Imagine being able to buy a horse collar and a hula hoop, a washboard and an instant-read meat thermometer in the same store. I am enticed by the fine selection of enamel ware in a wide range of colors, and long to ask whether they carry Bliss Foot Soak. Bliss, a powder containing salicylic acid, was packed in a cylindrical cardboard container -- goldenrod yellow with black printing if I recall correctly. It has nothing to do with similarly-named products being marketed today in blue plastic tubes,
Crow's is a True Value Hardware store. Visiting their website, I learn that True Value is a coop owned by individual store owner/operators. A light dawns. This is why True Value stores are so different from each other -- ranging from the glitzy Koontz Hardware in West Hollywood (virtually next door to the Pacific Design Center) to Crow's in Lostine (pop. 283) .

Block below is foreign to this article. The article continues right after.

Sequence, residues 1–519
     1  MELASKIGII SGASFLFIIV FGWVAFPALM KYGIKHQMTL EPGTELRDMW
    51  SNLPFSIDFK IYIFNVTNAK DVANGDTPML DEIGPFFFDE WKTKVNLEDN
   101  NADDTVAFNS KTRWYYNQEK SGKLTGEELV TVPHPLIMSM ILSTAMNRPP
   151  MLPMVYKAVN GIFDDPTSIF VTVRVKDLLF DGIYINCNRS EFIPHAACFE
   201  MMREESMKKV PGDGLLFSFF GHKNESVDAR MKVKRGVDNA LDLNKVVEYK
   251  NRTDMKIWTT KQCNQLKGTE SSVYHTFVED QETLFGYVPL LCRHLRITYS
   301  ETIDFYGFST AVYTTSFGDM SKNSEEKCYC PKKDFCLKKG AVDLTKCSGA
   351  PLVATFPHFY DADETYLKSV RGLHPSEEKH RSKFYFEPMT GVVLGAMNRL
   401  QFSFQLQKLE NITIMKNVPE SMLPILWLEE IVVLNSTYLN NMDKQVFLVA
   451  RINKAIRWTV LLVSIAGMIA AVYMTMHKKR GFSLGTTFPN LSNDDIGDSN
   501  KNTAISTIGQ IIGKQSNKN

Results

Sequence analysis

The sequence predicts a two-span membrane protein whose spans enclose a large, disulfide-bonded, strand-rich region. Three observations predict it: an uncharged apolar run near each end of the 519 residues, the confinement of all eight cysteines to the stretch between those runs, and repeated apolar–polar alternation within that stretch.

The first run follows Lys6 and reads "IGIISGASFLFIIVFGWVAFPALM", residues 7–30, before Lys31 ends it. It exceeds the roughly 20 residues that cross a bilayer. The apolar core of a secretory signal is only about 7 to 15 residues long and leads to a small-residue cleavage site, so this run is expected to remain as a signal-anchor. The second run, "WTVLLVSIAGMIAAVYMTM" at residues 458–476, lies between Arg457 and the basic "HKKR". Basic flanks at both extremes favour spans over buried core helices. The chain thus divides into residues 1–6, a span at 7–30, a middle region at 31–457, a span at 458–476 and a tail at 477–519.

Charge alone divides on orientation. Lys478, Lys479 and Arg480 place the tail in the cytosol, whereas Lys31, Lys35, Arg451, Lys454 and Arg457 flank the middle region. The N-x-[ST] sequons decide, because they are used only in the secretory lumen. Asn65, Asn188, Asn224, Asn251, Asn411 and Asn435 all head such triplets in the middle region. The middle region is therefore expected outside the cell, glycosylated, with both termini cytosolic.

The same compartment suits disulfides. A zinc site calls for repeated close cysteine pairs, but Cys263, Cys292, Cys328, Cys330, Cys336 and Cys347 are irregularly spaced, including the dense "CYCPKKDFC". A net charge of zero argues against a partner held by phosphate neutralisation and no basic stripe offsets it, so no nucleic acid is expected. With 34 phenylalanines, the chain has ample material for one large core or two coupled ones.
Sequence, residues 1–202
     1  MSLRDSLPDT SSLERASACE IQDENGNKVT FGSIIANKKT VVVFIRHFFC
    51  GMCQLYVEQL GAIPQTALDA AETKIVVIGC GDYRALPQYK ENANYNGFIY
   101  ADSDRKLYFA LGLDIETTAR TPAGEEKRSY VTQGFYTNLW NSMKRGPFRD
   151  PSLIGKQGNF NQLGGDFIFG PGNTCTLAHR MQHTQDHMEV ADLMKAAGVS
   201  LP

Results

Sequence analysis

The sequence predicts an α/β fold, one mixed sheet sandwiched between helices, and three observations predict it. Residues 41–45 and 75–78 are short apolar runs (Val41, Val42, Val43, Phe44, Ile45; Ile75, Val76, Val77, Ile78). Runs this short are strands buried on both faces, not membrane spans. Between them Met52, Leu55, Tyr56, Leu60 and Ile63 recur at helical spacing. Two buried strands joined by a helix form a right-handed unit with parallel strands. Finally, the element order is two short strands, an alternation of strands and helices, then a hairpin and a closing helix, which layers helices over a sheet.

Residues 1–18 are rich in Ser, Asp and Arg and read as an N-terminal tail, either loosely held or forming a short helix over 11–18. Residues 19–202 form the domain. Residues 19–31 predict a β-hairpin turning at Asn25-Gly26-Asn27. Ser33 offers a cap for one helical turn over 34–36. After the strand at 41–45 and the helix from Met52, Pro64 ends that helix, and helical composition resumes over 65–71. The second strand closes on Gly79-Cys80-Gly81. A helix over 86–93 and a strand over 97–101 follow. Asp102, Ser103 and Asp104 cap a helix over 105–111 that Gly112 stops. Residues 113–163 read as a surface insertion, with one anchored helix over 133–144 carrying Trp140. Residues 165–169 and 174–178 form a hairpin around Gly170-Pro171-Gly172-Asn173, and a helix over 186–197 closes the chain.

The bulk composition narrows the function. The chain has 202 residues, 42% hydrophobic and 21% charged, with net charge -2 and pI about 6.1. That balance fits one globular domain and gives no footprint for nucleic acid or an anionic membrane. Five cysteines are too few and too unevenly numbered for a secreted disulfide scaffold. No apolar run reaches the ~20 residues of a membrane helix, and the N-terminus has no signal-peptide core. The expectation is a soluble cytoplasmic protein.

According to another of Tru's postings, M. Crow and Company General Store is for sale. It's only 200 miles from our Idaho farm. Will I get there in time to see it before it goes the way of the Star Merch, Orville Jackson's, and so many other rural retailers that served our parents and grandparents?
I feel privileged to remember shopping in stores with softwood floors, where "brown paper packages tied up with string" was a way of doing business rather than a song lyric.